By Chris Poh, Publisher of American Public House Review

Dean Martin in Rio Bravo
Dean Martin in Rio Bravo

Chris Poh publisher of American Public House Review

Sometimes, the Bums Just Need to be Thrown out of the Bar

I was on my way home after a long day on the working side of the bar at the Indian Rock Inn when I got the news by way of BBC radio that bin Laden had been apparently killed by U.S. forces. My initial reaction was one of relief and perhaps a bit of smug gratuitous joy, but then the usual circumspect analytical side of my personality began to take hold. I knew that the man who had just got done proving the legitimacy of his birth would soon have to prove the legitimacy of another man's death. And by early morning the crazies would already be spouting their far-flung conspiratorial theories on both the airwaves and the web.

I have come to the conclusion that there resides within the human brain a place that allows small children to believe in the Easter Bunny and adults to believe in God—a wonderful place that operates on simple faith, and is most often a source of peace and comfort. But unfortunately, that same group of neurons and neural pathways that can foster strong beliefs, without the benefit of any tangible evidence, can also give rise to dangerous distortions of the facts when driven solely by fear.

My own brand of logic causes me to question just how much we actually gain by the killing of one man. While I fully support the notion of cutting off the head of the snake, I know that another serpent will soon emerge from the viper's den. And all too often that snake tends to display even more loathsome reptilian-like behavior. But for the sake and safety of those decent well-behaved patrons that are presently sitting in the saloon, sometimes the bums just need to be thrown out of the bar. And even though there is probably a more nefarious scoundrel lurking in the shadows—we can thank God and the Easter Bunny for good bouncers and great Navy Seals!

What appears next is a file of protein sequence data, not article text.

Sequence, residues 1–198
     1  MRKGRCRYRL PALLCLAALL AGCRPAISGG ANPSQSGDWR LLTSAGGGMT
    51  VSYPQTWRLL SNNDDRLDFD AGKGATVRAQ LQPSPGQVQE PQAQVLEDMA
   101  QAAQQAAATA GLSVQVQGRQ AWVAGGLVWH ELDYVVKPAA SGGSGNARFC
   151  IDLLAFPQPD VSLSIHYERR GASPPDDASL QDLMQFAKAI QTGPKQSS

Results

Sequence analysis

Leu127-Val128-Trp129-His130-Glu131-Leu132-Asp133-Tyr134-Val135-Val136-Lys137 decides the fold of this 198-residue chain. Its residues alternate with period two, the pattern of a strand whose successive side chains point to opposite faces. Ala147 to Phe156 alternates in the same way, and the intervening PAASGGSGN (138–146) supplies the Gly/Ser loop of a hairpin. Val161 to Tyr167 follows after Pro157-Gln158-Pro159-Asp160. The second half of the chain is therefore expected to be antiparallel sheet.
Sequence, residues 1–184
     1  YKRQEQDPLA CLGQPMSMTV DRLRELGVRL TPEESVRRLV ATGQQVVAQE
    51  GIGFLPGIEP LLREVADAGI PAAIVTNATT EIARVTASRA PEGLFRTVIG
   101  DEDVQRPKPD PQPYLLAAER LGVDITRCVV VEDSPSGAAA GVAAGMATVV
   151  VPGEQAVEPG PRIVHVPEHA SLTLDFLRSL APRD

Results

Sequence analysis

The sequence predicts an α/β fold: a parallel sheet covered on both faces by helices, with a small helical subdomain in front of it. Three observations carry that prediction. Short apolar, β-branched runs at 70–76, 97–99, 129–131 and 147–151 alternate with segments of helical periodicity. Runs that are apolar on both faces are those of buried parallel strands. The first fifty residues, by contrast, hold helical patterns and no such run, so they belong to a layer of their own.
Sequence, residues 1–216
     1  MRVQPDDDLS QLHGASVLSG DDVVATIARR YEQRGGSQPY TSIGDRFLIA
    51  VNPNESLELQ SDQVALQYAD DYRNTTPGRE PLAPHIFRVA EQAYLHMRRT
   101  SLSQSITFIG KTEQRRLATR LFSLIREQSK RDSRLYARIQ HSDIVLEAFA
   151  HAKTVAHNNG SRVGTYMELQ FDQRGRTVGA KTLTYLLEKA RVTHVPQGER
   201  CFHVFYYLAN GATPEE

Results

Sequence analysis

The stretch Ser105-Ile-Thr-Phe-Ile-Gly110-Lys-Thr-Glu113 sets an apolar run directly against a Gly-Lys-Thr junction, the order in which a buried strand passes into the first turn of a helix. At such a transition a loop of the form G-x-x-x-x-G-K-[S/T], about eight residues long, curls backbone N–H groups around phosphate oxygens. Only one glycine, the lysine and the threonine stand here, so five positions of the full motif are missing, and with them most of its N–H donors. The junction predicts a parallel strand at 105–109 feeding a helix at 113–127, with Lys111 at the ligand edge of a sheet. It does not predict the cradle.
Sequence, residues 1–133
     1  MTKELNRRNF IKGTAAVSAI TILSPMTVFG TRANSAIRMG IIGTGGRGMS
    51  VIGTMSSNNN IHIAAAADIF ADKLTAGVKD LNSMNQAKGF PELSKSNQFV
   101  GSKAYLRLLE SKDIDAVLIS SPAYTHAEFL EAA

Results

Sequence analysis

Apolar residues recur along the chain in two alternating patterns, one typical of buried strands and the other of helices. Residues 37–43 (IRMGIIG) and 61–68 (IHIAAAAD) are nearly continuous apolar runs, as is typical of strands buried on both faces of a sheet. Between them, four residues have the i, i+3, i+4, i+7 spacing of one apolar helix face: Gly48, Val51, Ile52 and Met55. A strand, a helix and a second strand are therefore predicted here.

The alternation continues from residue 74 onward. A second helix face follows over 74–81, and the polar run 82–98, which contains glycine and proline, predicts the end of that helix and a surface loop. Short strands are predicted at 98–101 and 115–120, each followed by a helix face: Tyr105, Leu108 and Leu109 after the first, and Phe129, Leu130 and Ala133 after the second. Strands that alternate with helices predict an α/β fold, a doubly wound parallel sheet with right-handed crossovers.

mitchell's pub as seen in American Public House Review
Chris launches APHR with his initial comments.
golden pint
Chris remembers a long past New Years Eve in a Greenwich Village pub.
New Hope & Ivyland Railroad as sseen in American Public House Review
The new, expanded version of APHR is up and running .Stay tuned; more is coming
Chris Poh editor of American Public House Review

A remembrance of a friend

"The times that try men's souls!"
offending foot

A tea party for a new year.
A look at the contributions of Muslim/Americans
Sevens sign

A benediction for the new year.

Taps at the Farnsworth House as seen in American Public house Review
Chris introduces an issue that explores a little bit of the rich military legacy of our country.
Paintin in Whitehorse Tavern as seen inAmerican Public House Review
Chris talks about his early days
as a bartender in NYC.

Boots in Virginia City, NV  as seen in American Public House Review
Chris presents our Virginia City Nevada tour of classic western pubs.
A toast to better economic times and good wishes for 2009.
be good or br gone

Be good or be gone.

Billy Mulligan

A friendship in between sets

An appeal to exercise our franchise.
well in Kuwait
Our energy policy beholds us to enemies.

Painting in Ale Mary's as seen in American public House Review
Chris reminisces about his father's home bar and Christmas past.
Painting in Blackkbread bar in Jim Thorpe, PA as seen in American Public House Review
Chris introduces the new look and expanded version of APHR
cannon at The Arsenal in New Castle, Delaware as seen in American Public House Review
Chris presents our issue about taverns with an American Revolutionary War heritage.

Tom Connally
The passing of a friend at the end of the bar.
An historical companion to APHR'S autumn long visit with Philadelphia.
We the people
A look at the dance of rights vs. responsibilities

A 2010 Christmas wish
deam Martin in Rio Bravo

The Death of Osama Bin Laden

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